Giving Government Officials the Skills and Tools to Protect Forests in the Republic of the Congo

In the Republic of the Congo, forests are an important economic and ecological resource. However, illegal logging practices and uncontrolled mining and agricultural expansion are threats to these vast forests, which are critical for the country’s sustainable economic development. In order to protect Congo’s forests, the U.S. Forest Service, supported by USAID’s Central Africa Regional Program for the Environment, is working with the Ministry of Forest Economy to expand the government’s ability to protect this valuable and irreplaceable resource.

From October 9th to the 18th, 2017, an advanced remote sensing training was held with government employees from the Ministry of Forest Economy in Brazzaville. The intensive training, given by members of the Central African Satellite Forest Observatory, a regional nonprofit remote sensing firm, focused on teaching participants how to harness cutting edge software used to measure, map, and monitor forests. Participants learned from remote sensing experts how to create models to help them monitor deforestation as well as develop more precise estimates of the carbon contained within their forests.

Leslie Bouetou-Kadilamio, who heads the office of cartography within the Office of National Forest Inventory, was excited to have the opportunity to learn how new software can assist with better management of forest resources. “This training will help us better monitor our existing forests, as well as understand where and why our forests are in danger.”

Estimating forest cover change is an ever-improving science, and trainings like these help government employees like Leslie better carry out their jobs. “Improving our knowledge of these new technologies is essential in helping us prioritize forests that need to be protected,” she noted. “If we are able to make accurate deforestation estimates, we are then also able to improve decisions made about where to create protected areas or invest our limited resources to improve how forests are being managed.”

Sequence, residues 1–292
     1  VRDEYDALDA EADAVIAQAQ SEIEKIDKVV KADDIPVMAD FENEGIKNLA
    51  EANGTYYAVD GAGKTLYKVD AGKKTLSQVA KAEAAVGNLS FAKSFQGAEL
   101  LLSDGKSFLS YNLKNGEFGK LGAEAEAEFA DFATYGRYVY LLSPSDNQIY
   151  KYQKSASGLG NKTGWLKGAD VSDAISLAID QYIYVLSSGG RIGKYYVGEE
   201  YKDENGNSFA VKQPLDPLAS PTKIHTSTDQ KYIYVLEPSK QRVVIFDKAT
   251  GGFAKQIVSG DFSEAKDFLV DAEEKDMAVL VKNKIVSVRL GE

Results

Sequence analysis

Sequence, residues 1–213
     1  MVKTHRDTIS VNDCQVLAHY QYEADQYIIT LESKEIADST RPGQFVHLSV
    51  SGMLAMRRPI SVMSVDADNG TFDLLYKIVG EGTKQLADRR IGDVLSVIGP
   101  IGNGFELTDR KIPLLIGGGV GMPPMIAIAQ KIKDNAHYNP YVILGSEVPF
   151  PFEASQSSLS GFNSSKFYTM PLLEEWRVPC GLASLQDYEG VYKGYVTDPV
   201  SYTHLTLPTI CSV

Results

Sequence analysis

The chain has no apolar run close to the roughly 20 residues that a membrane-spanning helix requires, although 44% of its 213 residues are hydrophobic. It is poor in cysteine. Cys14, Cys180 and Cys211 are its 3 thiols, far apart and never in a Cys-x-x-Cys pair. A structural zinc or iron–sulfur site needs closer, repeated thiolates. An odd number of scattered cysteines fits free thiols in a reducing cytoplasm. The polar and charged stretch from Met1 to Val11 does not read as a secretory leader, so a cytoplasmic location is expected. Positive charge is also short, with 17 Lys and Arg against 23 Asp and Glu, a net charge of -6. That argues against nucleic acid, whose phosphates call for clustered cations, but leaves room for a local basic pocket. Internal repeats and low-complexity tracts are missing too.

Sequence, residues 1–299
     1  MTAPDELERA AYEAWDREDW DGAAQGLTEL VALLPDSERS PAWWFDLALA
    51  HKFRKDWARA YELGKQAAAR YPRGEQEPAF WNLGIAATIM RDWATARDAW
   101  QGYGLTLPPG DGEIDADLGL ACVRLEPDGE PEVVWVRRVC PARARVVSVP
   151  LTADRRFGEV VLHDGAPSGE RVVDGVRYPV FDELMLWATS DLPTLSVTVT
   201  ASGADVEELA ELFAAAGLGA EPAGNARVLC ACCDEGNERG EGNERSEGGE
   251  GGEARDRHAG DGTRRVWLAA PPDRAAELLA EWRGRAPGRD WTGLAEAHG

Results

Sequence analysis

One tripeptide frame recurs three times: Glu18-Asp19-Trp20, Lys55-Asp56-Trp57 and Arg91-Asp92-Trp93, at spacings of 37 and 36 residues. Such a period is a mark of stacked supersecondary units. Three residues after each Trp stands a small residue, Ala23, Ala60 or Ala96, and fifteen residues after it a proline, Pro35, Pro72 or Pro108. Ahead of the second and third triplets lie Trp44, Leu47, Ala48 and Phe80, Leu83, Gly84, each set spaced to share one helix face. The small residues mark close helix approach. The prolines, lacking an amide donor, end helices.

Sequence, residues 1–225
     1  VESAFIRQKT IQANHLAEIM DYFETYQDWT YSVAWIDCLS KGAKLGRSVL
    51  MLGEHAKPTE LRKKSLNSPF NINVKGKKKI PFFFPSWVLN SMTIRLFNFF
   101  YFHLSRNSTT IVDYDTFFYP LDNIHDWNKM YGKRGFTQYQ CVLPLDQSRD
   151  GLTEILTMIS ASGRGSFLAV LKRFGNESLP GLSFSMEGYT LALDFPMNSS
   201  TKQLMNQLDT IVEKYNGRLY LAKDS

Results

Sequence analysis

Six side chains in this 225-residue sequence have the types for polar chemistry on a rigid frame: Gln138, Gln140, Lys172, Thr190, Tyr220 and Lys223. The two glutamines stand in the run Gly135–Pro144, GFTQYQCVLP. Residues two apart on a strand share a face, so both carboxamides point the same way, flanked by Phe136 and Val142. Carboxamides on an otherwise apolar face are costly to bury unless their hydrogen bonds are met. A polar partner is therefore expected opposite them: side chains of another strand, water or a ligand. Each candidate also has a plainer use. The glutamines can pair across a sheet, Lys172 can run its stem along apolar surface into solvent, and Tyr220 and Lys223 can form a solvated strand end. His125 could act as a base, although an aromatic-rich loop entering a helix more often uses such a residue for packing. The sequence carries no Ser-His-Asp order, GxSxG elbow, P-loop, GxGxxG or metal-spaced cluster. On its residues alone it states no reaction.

U.S. Ambassador Todd Haskell addressed the participants at the end of their ten-day training to commend them for their hard work. “The United States is committed to helping strengthen the capacity of national and regional institutions,” the Ambassador noted in his remarks, “as well as ensuring technology transfer and investing in the training of competent cadres of professionals to be able to respond to new challenges such as climate change.”

The Minister of Forest Economy Rosalie Matondo also spoke to the newly formed professionals. “This week you have been the students, but now we task you with sharing your new knowledge with colleagues, both in our ministry and in others. Our forests are important,” she added, “and we must continue to work together to protect them.”

Below: Participants in the advanced remote sensing training take a few moments after their several weeks of hard work to pose with the Minister of Forest Economy Rosalie Matondo and U.S. Ambassador Todd Haskell.

USAID’s Central African Regional Program for the Environment has worked since 1995 to help protect and preserve forests and biodiversity within the region. Capacity building at the government level is an essential part in ensuring that effective environmental management policies are enacted at the national level. As an implementing partner, the U.S. Forest Service is committed to working with technicians to offer targeted, high-level trainings that help partner governments succeed in their efforts to conserve and manage forest resources in the long term.

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